16 November 2012

Young business travelers' technology needs

Over 15 years ago, the Delta Hotel chain in Canada sought to attract business travelers by being one of the first major hotel chains to offer business-oriented office suites. Notably, at the time, these suites included a computer which could allow business travelers to work on the road, instead of being “stranded” from the office in an era when laptops were costly and scarce.

Unfortunately, the designers of these rooms didn’t entirely understand the needs of their targeted customers or what being productive entailed to them (read details in "Close Encounter of the QFD Kind", a white paper PDF).  While the offices were fully furnished, the computers were not — they did not come with commonly used software packages, meaning the guest not only had to bring their own software disks with them but would also have to waste time installing the programs themselves, in order to get any use out of the computer besides Solitaire.

a young business woman using a laptop in the hotel guest room
Today, we consider an office space, complete with Microsoft Office® or Open Office® as well as access to a printer, to be standard in any hotel chain, but do these actually make us more productive?  Technologically speaking, these accommodations are obviously better than what Delta offered years ago, however they represent an even more grievous misunderstanding of customers’ needs than was found on the blank computers back then.

From a QFD perspective, these computers are seen as a feature, and although they’ve been tweaked and upgraded over the years (their performance level is higher than ever), they address needs that have already been met by much better alternatives, and fail to address newer needs that have been enabled by changing technology.

Widespread usage of laptops and tablets have made office suite computers unneeded, the prevalence of proprietary software and custom remote login systems have made them unusable, and the nature of the internet and shared computer usage have made them unsafe. Furthermore, the original underlying need for productivity has been joined by the needs for entertainment and communication, and in that regard there is very little opportunity for hotel offices to compete with gaming laptops, Facetime® or Skype®.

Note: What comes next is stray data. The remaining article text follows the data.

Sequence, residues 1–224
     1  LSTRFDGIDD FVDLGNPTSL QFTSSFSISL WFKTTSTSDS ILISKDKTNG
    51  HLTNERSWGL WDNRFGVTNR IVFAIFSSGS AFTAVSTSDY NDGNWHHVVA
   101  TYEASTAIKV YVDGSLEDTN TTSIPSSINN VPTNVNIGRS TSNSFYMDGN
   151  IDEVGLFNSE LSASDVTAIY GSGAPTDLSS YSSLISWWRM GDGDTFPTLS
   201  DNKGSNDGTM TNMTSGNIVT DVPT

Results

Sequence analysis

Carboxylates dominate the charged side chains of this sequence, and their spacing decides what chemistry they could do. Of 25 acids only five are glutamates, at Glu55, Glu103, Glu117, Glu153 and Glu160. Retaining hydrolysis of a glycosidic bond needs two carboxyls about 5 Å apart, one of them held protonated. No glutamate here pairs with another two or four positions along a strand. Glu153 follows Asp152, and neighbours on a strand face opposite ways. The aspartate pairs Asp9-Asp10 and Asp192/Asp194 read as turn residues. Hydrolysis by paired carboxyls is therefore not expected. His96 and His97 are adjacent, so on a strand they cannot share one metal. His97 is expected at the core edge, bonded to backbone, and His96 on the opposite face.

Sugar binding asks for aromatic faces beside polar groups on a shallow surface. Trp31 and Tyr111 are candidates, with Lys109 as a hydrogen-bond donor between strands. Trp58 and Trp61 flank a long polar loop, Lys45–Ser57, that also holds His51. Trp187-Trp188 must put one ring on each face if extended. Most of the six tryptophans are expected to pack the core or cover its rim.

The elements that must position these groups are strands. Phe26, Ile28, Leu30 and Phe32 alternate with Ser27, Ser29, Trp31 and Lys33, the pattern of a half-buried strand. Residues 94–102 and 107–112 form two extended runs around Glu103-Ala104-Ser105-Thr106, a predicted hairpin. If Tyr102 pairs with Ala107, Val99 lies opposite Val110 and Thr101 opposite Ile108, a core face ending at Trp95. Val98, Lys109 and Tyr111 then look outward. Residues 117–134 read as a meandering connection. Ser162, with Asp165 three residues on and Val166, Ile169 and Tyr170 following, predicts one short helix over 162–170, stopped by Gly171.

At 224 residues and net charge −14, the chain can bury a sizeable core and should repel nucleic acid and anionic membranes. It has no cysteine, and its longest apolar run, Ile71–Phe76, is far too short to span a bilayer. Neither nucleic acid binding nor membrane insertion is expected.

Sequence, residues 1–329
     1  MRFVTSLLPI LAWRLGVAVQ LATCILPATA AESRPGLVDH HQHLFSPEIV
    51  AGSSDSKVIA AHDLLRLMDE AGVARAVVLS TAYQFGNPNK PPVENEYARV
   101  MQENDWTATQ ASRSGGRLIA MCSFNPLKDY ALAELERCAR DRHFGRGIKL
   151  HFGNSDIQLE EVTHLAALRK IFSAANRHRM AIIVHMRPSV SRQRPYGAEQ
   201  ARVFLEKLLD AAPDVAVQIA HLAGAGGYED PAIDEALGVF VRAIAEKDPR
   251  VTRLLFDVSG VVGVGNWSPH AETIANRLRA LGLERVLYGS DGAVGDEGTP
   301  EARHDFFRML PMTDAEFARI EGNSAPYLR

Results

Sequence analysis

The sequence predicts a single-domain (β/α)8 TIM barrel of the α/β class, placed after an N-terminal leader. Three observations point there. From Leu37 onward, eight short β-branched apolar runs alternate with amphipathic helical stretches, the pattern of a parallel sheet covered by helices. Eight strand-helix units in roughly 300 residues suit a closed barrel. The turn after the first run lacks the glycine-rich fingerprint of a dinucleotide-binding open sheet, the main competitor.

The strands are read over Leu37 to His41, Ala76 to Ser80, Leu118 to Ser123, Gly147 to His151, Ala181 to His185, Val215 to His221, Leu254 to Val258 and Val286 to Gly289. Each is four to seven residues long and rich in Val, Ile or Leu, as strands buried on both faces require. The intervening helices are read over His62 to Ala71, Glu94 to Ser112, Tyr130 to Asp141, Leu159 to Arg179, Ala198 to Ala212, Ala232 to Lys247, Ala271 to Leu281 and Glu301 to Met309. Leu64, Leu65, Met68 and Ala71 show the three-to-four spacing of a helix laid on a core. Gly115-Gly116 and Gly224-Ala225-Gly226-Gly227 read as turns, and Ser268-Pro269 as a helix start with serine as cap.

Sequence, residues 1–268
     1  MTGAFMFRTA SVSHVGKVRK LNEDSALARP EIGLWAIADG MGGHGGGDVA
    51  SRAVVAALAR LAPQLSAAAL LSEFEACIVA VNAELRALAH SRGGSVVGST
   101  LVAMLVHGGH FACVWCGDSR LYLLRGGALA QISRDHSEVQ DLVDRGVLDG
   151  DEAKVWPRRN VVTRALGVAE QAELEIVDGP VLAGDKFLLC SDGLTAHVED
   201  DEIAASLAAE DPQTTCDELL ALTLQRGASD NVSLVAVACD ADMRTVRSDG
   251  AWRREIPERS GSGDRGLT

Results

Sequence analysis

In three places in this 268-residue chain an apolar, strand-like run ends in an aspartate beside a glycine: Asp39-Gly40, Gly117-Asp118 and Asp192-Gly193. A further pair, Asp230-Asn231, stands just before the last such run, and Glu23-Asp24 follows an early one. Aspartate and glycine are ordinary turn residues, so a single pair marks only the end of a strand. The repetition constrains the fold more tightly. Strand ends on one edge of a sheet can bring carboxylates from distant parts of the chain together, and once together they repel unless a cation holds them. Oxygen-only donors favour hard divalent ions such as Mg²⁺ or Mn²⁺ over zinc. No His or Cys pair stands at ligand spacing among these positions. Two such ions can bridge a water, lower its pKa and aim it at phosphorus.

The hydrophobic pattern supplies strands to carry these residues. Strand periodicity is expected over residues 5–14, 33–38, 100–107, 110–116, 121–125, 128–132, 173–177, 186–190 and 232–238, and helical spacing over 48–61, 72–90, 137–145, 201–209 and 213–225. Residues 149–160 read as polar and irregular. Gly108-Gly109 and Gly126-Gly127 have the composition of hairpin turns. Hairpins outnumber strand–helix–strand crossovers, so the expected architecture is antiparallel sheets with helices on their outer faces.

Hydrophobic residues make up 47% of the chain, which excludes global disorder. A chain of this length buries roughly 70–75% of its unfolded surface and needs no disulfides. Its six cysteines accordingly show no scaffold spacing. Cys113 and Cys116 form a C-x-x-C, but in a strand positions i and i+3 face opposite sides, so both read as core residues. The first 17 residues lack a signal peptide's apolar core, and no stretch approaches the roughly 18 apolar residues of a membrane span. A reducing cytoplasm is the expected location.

Rather than trying to meet these needs by offering competing features, hotels should be trying to facilitate the features customers already have that meet their needs.  Simply put, this means replicating (or besting) the connectivity customers have on their laptops, tablets and phones that they travel with.

For example, many hotels advertise access to broadband. Often these connections, however, perform quite poorly on technical benchmarks (bandwidth tests) and outright fail on customer benchmarks (ability to watch Youtube videos, play games or video chat and so forth).  This can be exacerbated by poor cell phone coverage, which may force a customer to leave the hotel in order to be reachable at all.  If there’s any doubt that failing to meet travelers’ needs of connectivity can affect repeat business, one survey found that nearly 60% of travelers aged 35–54 would consider a different hotel option if they had poor cell phone reception during their previous stay.

Kano diagram by QFD Institute
This actually falls into the 'reverse quality' category in the Kano model of expected quality vs. exciting quality. What is exciting quality for older generations of hotel guests (such as having free internet and computer access) has not only become expected quality for younger hotel guests, but also the poor fulfillment of hotel room TV and internet may even be reverse quality — that is, their existence dissatisfies!

Any hotel that’s serious about catering to business travelers must understand these needs, as well as other needs such as internet security, in a modern and changing context, rather than continuing to refresh old features.
Ken Mazur

Related Read...

Microsoft Office® is a registered mark of Microsoft, Open Office® Apache Software; FaceTime® Apple Inc.; Skype® Skype.


1 comment:

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